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Enhancing Enforcement Mechanisms To Eradicate Child Labour In India

This research endeavours to delve into the intricate web surrounding child labour in India, a nation grappling with the paradoxical coexistence of progressive legislative frameworks and persistent socio-economic challenges. Children, heralded as the greatest gift to humanity, embody the promise of a society's future. Childhood, being a pivotal phase in human development, is marred by the widespread engagement of children in various forms of employment. These activities span a spectrum from innocuous household chores to perilous and morally questionable endeavours, creating a moral and legal conundrum.

Despite concerted global efforts and the enactment of stringent laws, child labour continues to persist as a grave concern on a worldwide scale. This research, however, focuses specifically on the Indian context, acknowledging the nation's endeavours to combat this issue since gaining independence. India, despite implementing legislative measures to reform and eradicate child labour, confronts a stark reality that belies the progress promised by these laws.

A comprehensive survey reveals that India ranks among the top countries where a significant portion of the labour force comprises children. The research critically examines the socio-legal legislatures established by the Indian government, analysing their efficacy in addressing the multifaceted dimensions of child labour. The study incorporates an in-depth exploration of the ramifications of these legislations at the grassroots level, shedding light on the stark disjunction between legal frameworks and ground realities.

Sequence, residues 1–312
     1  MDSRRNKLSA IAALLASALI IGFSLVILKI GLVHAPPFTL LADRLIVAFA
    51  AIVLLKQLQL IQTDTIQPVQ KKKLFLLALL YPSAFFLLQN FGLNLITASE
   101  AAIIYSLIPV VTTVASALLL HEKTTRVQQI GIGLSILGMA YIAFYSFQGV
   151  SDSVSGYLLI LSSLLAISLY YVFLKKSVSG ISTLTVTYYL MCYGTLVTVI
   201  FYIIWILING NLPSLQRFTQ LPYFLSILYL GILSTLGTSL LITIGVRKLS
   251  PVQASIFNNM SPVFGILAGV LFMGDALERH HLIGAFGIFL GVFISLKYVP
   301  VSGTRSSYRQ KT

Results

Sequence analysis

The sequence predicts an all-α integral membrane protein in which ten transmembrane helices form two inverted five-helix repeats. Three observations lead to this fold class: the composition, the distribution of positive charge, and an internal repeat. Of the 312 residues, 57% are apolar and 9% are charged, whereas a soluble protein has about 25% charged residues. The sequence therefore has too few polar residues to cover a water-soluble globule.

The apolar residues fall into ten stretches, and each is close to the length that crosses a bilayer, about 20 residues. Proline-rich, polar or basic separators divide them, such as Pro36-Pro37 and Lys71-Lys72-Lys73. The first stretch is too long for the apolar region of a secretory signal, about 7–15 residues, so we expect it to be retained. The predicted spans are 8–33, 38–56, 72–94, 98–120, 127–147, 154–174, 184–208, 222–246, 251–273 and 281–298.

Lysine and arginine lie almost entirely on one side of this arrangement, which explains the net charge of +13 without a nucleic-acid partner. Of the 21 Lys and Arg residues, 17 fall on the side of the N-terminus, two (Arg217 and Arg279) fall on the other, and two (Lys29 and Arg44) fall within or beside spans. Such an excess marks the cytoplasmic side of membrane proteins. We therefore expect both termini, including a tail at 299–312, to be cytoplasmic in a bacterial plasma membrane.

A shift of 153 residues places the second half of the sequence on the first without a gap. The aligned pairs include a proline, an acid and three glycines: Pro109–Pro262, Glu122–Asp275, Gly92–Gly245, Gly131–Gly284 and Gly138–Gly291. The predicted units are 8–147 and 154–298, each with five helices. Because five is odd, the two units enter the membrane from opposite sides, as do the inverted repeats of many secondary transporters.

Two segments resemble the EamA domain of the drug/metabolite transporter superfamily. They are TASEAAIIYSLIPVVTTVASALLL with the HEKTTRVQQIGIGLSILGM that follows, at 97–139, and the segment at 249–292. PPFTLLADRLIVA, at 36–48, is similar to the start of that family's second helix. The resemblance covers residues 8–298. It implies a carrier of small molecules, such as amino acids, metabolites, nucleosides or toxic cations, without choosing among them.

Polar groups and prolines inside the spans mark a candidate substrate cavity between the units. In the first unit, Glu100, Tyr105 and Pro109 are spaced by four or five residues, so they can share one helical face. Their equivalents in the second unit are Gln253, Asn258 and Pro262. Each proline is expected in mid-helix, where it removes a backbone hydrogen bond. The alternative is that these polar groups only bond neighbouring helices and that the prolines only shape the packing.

The research aims to contribute to the discourse on child labour by unraveling the complex interplay between legislation, socio-economic factors, and cultural influences. By scrutinizing the efficacy of existing legal frameworks and their impact on the ground, this study aspires to offer nuanced insights that can inform future policy interventions. Through a multidimensional analysis, the research seeks to delineate the persisting challenges hindering the effective eradication of child labour in India and proposes potential avenues for holistic reform.

Child labour is unusually prevalent in underdeveloped and emerging nations of the world and is seen more as a social issue of higher importance than other associated issues related to the development of human beings. There is no doubt that today's youth will be tomorrow's adult citizens, bearing full responsibility for the nation's complex growth and expansion.